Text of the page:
Rob Zombie Revisits the Firefly Family
3 From Hell finds a fresh story to tell in a sixteen-year-old saga

3 From Hell finds a fresh story to tell in a sixteen-year-old saga

There are many things that irritate me about the world of films and television, but arguably nothing is more annoying than when a series long finished, and wrapped up with a neat bow, announces a sequel. From Star Wars prequels to Toy Story 4, there’s no shortage of examples in which a series that has told an entire arc is suddenly rebooted, often in the hopes of a last-ditch cash-grab effort. Thus, when I heard that there was going to be a sequel for one of my favorite horror sagas, consisting of the films House of 1000 Corpses (2003) and The Devil’s Rejects (2005), directed by musician-turned-filmmaker Rob Zombie, I had absolutely no hope that the film was going to be anything of remarkable substance. But because I held a fondness in my heart for the Firefly family portrayed in the films, I gave it a shot. And boy, have I never been so happy to have been proven wrong before. 

Released for only two days in cinemas before being distributed digitally everywhere, 3 From Hell released mid-October and flew mostly under the radar, with the exception of indie-horror fans everywhere clamoring to see it as soon as possible. Continuing almost exactly from where The Devil’s Rejects left off, viewers are thrust back into the world of the Firefly family as they face the consequences of their serial killer rampage displayed in the first two films of the series. Going into the film I knew nothing of the plot, and I was pleasantly surprised to see it unfold into an analysis of revenge and consequences. It was a decidedly more mature take than the prior films, which are, for the most part, slasher flicks designed to strike fear and disgust in people. While 3 From Hell still held on to its slasher movie roots, there was less grotesque hysteria and more subtle fiendish humor than the first two films.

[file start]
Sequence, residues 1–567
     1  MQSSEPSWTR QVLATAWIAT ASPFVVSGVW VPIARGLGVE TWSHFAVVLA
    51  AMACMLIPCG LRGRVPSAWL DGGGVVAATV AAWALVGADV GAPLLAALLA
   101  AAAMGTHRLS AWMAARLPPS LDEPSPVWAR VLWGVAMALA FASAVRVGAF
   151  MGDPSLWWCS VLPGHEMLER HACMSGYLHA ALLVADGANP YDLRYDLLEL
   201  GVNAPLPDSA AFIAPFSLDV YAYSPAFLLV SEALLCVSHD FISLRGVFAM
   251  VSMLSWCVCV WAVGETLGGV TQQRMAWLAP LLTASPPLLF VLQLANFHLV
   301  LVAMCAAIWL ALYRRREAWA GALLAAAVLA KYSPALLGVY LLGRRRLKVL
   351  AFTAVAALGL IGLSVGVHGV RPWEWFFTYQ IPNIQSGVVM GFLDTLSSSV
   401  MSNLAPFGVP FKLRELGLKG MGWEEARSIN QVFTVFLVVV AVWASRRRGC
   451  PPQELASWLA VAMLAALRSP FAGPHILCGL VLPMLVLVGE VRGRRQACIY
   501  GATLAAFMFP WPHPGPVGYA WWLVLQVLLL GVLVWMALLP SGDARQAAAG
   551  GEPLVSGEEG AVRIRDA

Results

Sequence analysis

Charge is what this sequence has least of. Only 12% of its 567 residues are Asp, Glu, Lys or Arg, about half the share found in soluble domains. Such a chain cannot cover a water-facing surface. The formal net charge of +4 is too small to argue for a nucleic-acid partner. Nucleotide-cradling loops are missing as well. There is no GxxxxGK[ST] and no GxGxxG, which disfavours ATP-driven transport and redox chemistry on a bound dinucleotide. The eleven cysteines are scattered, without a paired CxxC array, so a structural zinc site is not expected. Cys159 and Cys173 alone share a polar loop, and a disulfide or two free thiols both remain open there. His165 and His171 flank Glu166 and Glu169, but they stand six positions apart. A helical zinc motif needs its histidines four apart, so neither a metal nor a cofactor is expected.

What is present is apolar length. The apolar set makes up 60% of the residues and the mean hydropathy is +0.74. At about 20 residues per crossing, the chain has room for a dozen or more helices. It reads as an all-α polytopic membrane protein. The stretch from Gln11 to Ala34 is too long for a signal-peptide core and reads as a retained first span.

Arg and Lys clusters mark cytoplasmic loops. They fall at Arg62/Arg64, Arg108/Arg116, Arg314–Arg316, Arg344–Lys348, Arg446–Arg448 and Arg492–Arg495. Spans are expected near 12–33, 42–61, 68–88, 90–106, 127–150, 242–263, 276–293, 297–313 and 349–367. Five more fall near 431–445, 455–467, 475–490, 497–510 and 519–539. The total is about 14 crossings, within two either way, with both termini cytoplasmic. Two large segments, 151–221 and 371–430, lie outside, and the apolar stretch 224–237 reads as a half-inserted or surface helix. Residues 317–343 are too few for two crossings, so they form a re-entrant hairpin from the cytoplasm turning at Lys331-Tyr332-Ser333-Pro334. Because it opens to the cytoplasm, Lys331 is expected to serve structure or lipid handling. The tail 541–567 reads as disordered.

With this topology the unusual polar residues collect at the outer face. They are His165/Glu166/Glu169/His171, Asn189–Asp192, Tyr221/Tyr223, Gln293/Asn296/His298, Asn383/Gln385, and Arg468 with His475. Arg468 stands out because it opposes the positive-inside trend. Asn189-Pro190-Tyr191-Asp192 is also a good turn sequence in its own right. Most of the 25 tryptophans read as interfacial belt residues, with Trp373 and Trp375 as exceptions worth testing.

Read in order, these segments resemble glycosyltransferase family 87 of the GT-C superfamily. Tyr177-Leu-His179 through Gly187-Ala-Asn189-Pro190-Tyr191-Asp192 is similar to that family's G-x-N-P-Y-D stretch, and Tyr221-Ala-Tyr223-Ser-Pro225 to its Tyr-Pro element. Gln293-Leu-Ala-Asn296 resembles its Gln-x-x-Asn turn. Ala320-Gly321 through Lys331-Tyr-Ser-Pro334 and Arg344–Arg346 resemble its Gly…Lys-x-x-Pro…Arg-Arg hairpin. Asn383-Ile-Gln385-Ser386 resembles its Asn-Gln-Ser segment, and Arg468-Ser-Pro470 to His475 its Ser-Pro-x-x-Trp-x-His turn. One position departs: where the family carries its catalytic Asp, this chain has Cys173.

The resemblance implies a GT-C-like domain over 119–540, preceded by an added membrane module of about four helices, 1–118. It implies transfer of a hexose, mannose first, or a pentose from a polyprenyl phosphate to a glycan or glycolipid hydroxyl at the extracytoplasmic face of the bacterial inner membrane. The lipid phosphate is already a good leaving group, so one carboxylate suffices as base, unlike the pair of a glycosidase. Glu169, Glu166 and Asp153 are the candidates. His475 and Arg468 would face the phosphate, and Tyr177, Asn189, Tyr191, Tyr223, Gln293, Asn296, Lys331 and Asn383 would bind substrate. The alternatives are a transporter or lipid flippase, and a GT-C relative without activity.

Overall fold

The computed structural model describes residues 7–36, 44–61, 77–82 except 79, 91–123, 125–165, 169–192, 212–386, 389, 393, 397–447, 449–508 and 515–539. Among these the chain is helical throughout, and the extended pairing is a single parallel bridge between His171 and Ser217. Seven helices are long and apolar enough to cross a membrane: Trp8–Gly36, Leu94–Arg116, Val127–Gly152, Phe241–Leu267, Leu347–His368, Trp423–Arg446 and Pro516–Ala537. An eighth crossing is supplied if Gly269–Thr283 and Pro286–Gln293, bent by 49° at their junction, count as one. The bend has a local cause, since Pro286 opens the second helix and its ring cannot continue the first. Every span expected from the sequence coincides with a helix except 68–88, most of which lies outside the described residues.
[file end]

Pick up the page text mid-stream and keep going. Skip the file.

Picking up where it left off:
Crafted nearly 15 years after its predecessor, it’s clear that Zombie has grown not only as a storyteller but also his knowledge of film technology. Gone are the gritty, poorly lit shots of gore, replaced instead with moments of crisp slow-motion violence—attributed not only to technological advances made in the past decade, but also from the understanding Zombie gained working on numerous films in the years between The Devil’s Rejects and 3 From Hell. The new way in which Zombie presents fight scenes is reminiscent of the Kingsman films, which are some of the most notable modern examples of incredibly stylistic violence. However, I dare to say that 3 From Hell does it better; the cheesy over-the-top elements that I always felt kept the Kingsman fight scenes from being something I could watch without being taken out of the moment, are not apparent in 3 From Hell, leaving viewers with scenes of calculated intensity—such as when lurks in the shadows and uses a bow and arrow to silently take down her attackers.

Although I don’t believe 3 From Hell was a necessary addition to the story, I’m glad Zombie decided to continue the journey of the psychotic family from Texas. It was bittersweet seeing the fictional family again on screen; upon seeing my favorite, Captain Spaulding, I shed a few tears, as the actor who plays him, Sid Haig, recently passed. I always feel weird when I explain to people that most of my comfort films are horror movies, but they are, and 3 From Hell confirmed that for me. I often fall asleep to Child’s Play or Scream and although I can’t quite explain why, they make me feel safe, as much as my favorite childhood films do. 3 From Hell is now just another horror film to add to the list of those that make me feel weirdly nostalgic and happy, with characters like Captain Spaulding providing moments of dark humor and hope that I sorely need. While the series could have ended with The Devil’s Rejects, I adore the Firefly family and am impressed with the way in which Rob Zombie crafted 3 From Hell to make it something entirely its own. 

Illustration by Elizabeth Hung

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